Sunday, March 18, 2018
Some states want to put mandatory filters on all Internet devices sold in their states with a registry of those who unblock; Hollywood seems to up threats on all user content
Wired has an important story on states considering their own variations of the Human Trafficking and Child Exploitation Prevention Act (HTCEPA), by requiring every device sold in their states to have porn filters! Right now, the dishonor roll includes Rhode Island, South Carolina, and Texas. Similar bills are considered in the UK. (I couldn't find this act in Wikipedia.)
Users could pay a fee to remove the filters but then the states would have a registry of users who had.
Wired's story, by Louise Matsakis on this, where she traces the laws back to the original Communications Decency Act of 1996, largely overturned; and the Child Online Protection Act (COPA), which has been the main subject of this particular blog. The filter issue came up in the COPA litigation, particularly at the trial I covered here in 2006.
Ironically it is Section 230 of the original 1996 law that survived and that is now threatened by FOSTA and SESTA as covered here before. This article mentions these, and notes the lack of distinction between consensual adult sex and trafficking (which often involves minors). The article’s comments on these are a little overbroad (it’s more than “social media sites” though).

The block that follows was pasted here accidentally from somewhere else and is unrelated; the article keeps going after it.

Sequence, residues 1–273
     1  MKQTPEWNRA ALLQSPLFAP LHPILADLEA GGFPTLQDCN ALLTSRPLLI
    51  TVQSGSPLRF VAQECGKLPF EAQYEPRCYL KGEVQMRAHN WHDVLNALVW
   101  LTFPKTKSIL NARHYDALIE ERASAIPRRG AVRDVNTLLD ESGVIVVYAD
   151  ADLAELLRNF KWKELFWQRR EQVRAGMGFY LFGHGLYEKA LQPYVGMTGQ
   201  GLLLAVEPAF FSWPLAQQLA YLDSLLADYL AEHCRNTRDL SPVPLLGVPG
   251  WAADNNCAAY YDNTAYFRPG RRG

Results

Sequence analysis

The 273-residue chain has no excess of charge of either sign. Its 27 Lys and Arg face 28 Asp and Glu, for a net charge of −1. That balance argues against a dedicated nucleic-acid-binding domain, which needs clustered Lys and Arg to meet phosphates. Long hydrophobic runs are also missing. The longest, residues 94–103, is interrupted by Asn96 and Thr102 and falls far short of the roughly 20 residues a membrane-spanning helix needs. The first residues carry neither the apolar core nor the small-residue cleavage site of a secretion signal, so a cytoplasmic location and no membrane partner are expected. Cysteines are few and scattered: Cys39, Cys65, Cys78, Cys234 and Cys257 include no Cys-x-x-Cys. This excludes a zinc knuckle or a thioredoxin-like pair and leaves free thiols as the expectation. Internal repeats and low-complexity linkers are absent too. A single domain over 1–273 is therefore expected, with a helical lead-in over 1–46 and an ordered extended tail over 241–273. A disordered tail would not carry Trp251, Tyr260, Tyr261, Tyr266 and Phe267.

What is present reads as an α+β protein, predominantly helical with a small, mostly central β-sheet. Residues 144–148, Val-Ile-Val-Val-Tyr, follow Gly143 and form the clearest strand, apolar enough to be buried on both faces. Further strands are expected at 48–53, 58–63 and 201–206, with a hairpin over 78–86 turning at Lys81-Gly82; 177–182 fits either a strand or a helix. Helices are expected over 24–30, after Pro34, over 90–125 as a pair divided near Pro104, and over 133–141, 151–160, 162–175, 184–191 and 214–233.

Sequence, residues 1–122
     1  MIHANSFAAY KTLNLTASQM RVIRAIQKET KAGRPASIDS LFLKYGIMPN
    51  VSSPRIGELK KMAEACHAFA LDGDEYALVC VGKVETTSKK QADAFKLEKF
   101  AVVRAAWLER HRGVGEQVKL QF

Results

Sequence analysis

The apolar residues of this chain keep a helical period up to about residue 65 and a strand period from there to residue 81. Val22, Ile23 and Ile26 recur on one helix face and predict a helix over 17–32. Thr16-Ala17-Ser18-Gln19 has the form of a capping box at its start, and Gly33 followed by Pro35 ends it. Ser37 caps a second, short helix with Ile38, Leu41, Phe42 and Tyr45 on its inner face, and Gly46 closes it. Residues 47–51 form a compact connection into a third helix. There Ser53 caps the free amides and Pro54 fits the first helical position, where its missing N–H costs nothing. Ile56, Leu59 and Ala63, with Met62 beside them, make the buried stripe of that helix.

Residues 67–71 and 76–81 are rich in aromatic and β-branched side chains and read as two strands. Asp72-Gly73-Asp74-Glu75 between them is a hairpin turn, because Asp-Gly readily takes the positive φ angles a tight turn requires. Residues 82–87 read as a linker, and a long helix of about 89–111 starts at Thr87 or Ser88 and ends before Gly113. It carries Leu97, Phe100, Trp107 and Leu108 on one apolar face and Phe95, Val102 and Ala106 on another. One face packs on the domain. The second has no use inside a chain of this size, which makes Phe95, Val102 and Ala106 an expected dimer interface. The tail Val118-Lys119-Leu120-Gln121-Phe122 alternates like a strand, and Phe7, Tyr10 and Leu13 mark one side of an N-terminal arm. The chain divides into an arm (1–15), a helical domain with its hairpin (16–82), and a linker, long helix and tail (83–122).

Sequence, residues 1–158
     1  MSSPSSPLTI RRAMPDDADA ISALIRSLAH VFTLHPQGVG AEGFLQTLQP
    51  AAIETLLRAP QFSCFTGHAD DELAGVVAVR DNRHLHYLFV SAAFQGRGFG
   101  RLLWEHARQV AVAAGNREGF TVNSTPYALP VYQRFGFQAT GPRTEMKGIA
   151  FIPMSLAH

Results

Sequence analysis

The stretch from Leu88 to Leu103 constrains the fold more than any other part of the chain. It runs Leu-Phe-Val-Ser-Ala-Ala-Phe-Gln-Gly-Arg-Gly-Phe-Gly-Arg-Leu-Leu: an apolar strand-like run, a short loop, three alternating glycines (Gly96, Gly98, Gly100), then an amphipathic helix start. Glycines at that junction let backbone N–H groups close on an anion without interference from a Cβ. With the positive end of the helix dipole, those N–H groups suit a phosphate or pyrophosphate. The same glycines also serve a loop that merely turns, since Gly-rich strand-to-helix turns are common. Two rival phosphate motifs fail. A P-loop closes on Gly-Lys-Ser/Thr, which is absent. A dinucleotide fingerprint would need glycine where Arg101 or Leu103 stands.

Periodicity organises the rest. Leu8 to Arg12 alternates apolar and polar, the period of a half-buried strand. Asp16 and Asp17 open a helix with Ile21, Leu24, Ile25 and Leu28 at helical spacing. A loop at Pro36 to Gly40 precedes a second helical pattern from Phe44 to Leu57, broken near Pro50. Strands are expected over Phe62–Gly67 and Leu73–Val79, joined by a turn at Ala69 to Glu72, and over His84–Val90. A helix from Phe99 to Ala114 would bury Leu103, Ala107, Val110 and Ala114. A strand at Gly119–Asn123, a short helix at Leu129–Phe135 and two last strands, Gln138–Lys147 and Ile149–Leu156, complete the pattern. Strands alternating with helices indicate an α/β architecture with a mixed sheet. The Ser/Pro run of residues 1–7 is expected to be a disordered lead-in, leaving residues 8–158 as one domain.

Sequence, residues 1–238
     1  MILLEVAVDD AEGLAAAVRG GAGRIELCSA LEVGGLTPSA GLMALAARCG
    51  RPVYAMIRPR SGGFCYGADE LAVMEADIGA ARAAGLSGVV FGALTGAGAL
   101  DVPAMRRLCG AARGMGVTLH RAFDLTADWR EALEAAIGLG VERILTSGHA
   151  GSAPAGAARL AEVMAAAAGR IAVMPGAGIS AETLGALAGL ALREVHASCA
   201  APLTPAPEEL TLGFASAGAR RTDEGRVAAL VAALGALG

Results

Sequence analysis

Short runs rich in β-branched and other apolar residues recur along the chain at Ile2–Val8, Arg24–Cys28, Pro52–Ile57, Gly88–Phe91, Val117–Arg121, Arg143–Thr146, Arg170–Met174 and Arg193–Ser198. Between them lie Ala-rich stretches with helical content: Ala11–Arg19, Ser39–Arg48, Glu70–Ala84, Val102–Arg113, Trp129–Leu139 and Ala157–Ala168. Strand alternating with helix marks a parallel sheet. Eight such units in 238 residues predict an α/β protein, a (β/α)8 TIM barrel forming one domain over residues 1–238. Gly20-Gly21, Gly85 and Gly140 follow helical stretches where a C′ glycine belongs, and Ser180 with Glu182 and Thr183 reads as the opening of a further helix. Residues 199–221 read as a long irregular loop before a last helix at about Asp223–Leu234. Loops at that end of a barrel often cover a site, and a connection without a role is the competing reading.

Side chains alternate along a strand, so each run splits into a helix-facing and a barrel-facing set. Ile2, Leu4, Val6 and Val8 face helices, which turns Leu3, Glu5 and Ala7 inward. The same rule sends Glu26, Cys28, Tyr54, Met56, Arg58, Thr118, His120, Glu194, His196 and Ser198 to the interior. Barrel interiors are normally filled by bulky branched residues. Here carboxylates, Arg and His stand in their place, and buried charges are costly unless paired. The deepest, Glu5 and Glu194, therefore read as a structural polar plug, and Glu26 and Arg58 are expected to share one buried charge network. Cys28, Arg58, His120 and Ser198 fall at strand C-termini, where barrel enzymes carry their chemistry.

Recently, Congress has gotten some letters actually supportive of SESTA/FOSTA from Hollywood (Fox) and some parts of Tech (Oracle). I’ll get into these again, but there is a disturbing undertone to these letters: there is no reason users should be able to post to the whole planet at will without gatekeepers unless they give something back (like help fight trafficking, or volunteer in some intersectional way). That really isn’t what Senator Portman thinks SESTA says; he still says it is narrow.